Feasts, cookie platters, cocktail parties, and office holiday goodies, oh my! As fun as it is, it doesn't take long to feel the overwhelm of holiday system overload, just when the mood of the day calls for merry and bright. As a remedy to seasonal splurges, include a salad of roasted mushrooms, warm grains, and baby spinach into your menu this week.
Making the Roasted Mushroom, Grain and Spinach Salad
This quick little main-course salad starts with four easy-to-come by ingredients and a light but flavorful lemon vinaigrette. The vinaigrette is made even better by using Meyer lemons, just coming into peak season.
Here I go on about celery again. Celery adds an essential textural crunch to this dish, and a bit of delicious freshness that you will welcome to your winter plate. I view this as this as a subtle necessity.
In the extraordinary Pacific Northwest food playground we have easy access to an array of cultivated and wild mushrooms. One trial of this recipe I used a shiitake-only approach. Another trial used a melange of chestnut, oyster, shiitake, and crimini mushrooms. I loved it both ways. If you can only access white buttons or brown criminis, please use them! Your dish will be as delicious as ever.
What Wine Should I Serve with Roasted Mushroom, Grain, and Spinach Salad?
I started off suggesting a mushroom, warm grain, and spinach salad as a detoxifying healthy choice, so maybe through the holidays consider a tonic of pomegranate juice and sparkling water? Or not! I highly suggest the Artisanal Wine Cellars 2015 Dukes Family Vineyard Pinot Noir. Tom and Patty Feller, and their daughter, Mia, are a family operation dedicated to handcrafted expressive wines. The grapes in this bottle were grown by Pat and Jackie Dukes of Dukes Family Vineyard. We view the Artisanal's Pinot Noirs to be beautiful wines at incredible values.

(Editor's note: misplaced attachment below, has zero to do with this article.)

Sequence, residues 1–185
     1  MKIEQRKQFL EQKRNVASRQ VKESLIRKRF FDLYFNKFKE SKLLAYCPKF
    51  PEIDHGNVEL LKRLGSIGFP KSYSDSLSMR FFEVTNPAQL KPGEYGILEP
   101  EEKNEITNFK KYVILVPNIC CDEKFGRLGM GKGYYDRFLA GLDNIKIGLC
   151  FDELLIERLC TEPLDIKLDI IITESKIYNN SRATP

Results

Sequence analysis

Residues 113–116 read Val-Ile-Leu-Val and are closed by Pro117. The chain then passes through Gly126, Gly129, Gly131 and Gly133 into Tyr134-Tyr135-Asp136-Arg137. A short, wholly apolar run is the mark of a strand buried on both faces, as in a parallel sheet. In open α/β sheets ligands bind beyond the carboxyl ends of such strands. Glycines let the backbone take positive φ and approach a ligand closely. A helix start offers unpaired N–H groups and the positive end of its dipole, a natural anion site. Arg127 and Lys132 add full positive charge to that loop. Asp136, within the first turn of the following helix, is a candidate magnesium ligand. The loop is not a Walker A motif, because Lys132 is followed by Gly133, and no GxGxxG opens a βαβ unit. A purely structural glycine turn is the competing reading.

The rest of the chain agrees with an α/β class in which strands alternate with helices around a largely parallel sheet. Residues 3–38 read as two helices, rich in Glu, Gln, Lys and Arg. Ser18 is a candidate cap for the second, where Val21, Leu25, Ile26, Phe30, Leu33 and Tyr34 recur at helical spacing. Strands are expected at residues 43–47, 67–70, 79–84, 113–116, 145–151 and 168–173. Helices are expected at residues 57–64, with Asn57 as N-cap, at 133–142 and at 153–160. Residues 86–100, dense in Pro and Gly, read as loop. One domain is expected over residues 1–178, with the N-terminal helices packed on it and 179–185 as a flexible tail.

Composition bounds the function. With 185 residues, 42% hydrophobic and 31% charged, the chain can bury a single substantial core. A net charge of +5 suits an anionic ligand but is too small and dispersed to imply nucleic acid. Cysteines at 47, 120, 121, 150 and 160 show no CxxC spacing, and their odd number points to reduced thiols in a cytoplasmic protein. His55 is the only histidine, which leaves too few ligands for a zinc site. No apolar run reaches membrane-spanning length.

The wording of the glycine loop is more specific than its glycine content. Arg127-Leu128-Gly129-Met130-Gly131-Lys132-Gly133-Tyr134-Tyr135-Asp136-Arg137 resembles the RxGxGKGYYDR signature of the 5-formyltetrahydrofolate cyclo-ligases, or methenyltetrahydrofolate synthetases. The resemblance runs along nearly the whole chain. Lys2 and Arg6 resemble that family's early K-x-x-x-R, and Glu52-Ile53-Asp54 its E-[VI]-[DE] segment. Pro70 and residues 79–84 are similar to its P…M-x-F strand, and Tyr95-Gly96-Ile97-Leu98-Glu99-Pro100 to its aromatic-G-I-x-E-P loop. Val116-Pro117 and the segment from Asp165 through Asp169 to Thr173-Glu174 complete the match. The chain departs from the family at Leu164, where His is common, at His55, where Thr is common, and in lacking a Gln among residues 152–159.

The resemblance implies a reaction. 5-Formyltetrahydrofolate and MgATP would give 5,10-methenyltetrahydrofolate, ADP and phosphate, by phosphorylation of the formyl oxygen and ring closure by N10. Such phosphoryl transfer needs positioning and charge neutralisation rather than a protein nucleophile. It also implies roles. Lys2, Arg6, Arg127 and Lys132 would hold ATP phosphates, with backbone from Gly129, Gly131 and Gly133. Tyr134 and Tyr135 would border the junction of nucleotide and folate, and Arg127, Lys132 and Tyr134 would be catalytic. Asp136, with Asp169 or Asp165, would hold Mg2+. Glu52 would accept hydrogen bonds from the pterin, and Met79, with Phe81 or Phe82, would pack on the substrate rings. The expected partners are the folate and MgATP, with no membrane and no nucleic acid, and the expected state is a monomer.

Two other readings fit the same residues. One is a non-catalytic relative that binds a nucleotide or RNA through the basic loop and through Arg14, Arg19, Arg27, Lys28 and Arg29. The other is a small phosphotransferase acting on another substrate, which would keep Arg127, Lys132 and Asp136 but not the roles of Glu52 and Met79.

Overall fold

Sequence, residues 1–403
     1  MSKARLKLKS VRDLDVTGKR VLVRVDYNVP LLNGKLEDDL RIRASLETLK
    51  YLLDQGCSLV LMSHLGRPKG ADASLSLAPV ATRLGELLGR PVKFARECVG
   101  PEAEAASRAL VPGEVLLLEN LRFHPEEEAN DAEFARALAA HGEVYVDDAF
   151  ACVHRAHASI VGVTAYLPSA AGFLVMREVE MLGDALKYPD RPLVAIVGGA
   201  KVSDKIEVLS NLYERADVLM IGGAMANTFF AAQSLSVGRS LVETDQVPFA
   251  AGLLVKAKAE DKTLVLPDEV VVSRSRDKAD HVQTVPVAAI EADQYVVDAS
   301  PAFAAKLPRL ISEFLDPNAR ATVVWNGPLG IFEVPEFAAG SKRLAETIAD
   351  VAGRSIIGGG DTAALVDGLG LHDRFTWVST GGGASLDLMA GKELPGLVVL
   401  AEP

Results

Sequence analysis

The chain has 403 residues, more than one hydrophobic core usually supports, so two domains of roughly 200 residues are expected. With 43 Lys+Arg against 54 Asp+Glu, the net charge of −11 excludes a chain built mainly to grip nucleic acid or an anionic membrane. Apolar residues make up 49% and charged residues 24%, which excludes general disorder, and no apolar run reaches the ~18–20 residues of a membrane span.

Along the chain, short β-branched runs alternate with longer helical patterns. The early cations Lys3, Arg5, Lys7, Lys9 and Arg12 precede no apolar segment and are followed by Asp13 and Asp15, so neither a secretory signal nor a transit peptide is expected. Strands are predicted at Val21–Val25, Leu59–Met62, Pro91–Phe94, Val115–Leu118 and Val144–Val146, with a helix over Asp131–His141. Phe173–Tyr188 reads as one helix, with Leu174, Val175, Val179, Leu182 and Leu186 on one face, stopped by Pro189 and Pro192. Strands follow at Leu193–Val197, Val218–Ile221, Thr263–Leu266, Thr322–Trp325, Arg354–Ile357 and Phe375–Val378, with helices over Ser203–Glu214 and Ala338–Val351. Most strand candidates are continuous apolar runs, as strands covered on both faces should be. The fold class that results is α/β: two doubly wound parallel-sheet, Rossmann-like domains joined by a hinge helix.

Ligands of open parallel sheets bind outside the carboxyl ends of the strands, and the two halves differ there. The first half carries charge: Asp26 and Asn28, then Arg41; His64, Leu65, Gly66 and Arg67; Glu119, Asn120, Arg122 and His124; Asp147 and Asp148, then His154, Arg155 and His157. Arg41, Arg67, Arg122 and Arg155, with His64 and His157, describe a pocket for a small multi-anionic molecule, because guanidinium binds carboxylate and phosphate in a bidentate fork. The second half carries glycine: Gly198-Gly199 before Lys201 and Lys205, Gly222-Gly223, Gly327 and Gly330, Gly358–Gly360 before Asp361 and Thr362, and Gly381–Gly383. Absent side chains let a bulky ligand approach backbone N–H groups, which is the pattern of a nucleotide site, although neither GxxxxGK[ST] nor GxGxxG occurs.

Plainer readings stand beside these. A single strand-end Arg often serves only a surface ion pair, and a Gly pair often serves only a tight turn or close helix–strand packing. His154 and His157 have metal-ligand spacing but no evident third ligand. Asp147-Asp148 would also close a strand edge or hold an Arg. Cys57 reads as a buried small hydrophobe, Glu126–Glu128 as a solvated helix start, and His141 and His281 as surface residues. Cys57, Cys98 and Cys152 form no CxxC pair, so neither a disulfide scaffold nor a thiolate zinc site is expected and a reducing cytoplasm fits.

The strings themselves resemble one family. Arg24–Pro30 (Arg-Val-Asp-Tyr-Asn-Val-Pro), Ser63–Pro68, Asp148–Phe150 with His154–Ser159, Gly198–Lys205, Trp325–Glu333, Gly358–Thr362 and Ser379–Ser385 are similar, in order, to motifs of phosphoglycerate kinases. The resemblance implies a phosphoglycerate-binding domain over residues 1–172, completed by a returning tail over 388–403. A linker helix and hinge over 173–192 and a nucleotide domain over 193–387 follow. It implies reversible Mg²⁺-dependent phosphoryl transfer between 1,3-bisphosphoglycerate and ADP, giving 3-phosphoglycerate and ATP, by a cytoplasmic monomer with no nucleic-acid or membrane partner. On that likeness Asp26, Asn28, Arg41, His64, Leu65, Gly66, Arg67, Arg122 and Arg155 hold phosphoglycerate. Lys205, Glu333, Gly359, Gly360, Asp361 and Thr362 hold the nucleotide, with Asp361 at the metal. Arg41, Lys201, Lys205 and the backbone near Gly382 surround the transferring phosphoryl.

Roasted mushrooms, warm chewy grain, and fresh spinach dressed in the best ever lemon vinaigrette. This fantastic fast and easy layered salad is hearty enough for satisfying cool weather meals, light enough to counterbalance seasonal feasts and spurges.
1½lb.mushrooms of your choice, singularly or in combinationcrimini, shiitake, chestnut, chanterelle, hedgehog, button, etc.
5stalkscelery, and leaves if your head has them
1cupwhole grain of your choice, prepared according to package directions and kept warm*barley; emmer, spelt, or einkorn farro; wheat berries; oat or buckwheat groats; brown, black, purple, red, or wild rice, etc.
8-10oz.fresh baby spinach
lemon vinaigrette, recipe below
zest of 2 lemons, in strips
Best Ever Lemon Vinaigrette
½cuplemon juice, Meyer lemon preferred, zested firstabout 2 large lemons
2clovesgarlic, pressed or very finely minced
1shallot, finely minced
salt and pepper to taste
Preheat the oven to 400° convection. Line a baking sheet with foil and spray it with oil or non-stick spray.
Begin cooking your chosen grain according to package directions. (For example, quick-cooking par cooked farro from Trader Joes takes 10 minutes to cook; unhulled barley takes up to 40 minutes.) Once it is cooked, keep it warm while the other steps come together.
Prepare the Best Ever Lemon Vinaigrette, recipe below.